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Everyone wants to create the future of their dreams, but when you have a lot of liabilities, it can be hard to get the ball rolling. What’s more, there are some situations where it’s hard to know whether you should pay debt or save for retirement. Which option is best for you? It all depends on where you currently are in life, and these points might help you make a smarter choice.

Debt in America

In 2019, researchers found the average American household debt to be a whopping $5,700. More than 40 percent of all households had some form of credit card debt, and the lowest-net-worth homes had an average of more than $10,000 in such liabilities. Notably, the effect of debt was skewed even if the amount wasn’t. Although people with higher incomes had larger debts, their bigger paychecks also meant that their liabilities were much smaller percentages of their earnings compared to poorer households.

Deciding Whether to Pay Debt or Save for Retirement

Saving for retirement is all about economies of scale. For instance, no matter how much money you put into a portfolio in the hopes of generating returns, you won’t collect nearly as much of the benefits as the broker does. Your retirement fund manager makes money by pooling lots of it together. The small amount of profit that your cash produces only accounts for a fraction of the total gains.

Similar considerations of scale apply when you’re choosing whether you should pay debt or save for retirement. You’re comparing the interest that you stand to gain by investing to the amount that you’re currently losing to debt and fees. In this case, however, there’s also another important factor besides the amount of money you have: time. To gain more from your investment activities, you can either:

  1. Let your investment money, or principal, sit around a while and collect interest at a particular rate, or
  2. Increase the amount of principal that you invest to raise the impact of the interest rate.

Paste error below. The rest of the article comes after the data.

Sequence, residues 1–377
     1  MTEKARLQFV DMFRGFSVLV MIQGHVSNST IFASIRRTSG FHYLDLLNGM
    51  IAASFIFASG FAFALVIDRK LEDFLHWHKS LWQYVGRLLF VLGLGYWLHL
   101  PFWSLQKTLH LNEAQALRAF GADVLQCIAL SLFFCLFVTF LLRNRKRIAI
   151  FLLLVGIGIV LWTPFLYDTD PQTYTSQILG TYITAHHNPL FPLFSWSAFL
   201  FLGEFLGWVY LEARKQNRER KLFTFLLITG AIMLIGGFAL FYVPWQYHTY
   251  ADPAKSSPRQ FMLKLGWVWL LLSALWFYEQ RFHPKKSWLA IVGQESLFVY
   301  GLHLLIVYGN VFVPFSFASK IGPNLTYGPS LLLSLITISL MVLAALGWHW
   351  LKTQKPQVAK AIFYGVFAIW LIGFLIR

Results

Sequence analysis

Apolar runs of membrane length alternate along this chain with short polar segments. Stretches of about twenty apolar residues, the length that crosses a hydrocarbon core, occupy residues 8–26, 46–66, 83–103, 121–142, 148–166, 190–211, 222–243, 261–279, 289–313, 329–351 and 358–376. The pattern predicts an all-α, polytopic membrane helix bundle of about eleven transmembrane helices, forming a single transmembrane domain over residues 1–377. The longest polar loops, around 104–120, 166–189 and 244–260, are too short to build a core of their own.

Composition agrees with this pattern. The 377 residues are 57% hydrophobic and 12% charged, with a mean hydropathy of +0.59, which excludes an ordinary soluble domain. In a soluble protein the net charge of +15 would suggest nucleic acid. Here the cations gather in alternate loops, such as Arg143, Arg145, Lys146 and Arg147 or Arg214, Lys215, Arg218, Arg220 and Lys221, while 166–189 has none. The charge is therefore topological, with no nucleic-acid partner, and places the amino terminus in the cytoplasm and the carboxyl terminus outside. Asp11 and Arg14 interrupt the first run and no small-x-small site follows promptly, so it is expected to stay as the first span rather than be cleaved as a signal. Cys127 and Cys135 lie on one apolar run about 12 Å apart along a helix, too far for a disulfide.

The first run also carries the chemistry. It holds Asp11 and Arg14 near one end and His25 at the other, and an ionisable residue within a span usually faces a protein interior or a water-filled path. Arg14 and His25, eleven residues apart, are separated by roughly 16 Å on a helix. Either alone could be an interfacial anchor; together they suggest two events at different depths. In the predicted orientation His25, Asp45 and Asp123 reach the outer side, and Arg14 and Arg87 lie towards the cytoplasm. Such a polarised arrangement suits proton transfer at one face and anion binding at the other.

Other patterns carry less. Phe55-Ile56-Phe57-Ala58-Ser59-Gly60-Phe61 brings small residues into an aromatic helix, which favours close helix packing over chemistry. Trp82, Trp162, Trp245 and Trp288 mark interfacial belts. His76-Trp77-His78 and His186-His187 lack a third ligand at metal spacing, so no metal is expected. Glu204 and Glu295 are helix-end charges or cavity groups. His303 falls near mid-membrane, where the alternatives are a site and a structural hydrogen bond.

The glaring problem with both of these scenarios is that debt makes it impossible for your principal to achieve its full potential. Although you may want to save for retirement, you won’t be able to accumulate nearly as much if you possess liabilities that limit how much you can invest.

What about when you only have small debts that won’t bite huge chunks out of your retirement capital? Although this situation is also possible, it’s important to realize that each individual needs to do the math to determine whether the money they pay their collectors — plus interest — outweighs the value they’d get if they had just invested it. As financial experts point out, this depends on things like how much interest you make from investing, how much your creditors are charging you and a range of other factors.

Why Pay Down Debt First?

Paying down debt before trying to invest for retirement may be your smartest option. Consider the fact that only one out of every three Americans had retirement savings as of 2016, and the picture starts to look a bit clearer. For most people, saving isn’t an option because the amount of liabilities they owe makes it almost impossible to build up useful momentum.

Living with substantial debt means that your retirement saving potential gets sapped by fees, interest, penalties, and possible litigation. What’s even more troubling is the fact that such problems overwhelmingly affect the poorest Americans. Higher-income individuals have more than enough extra cash lying around to invest, but those who aren’t as well off may find themselves trapped in spirals of debt that make it extremely hard to get anywhere useful.

Paying down debt can help you lower your recurring bills so that you actually have the option of saving intelligently. By making it less likely that you’ll have to consider your financial stresses every time you decide to do something, it can improve your freedom to choose alternative investment strategies that might pay out in the long run.

Start Paying Down Your Debt

Paying down your debt may seem like a tall order, but working with a reputable partner is the easiest way to get things moving in the right direction. Christian Debt Counselors offers a range of services including debt consolidation and debt settlement to give you more options for planning out your future. We care about helping you create a clear vision that works for you, so chat with our knowledgeable team members to get started today.

Christian Debt Counselors (888) 906-3328
200 W. Palmetto Park Road Suite 200 Boca Raton FL 33432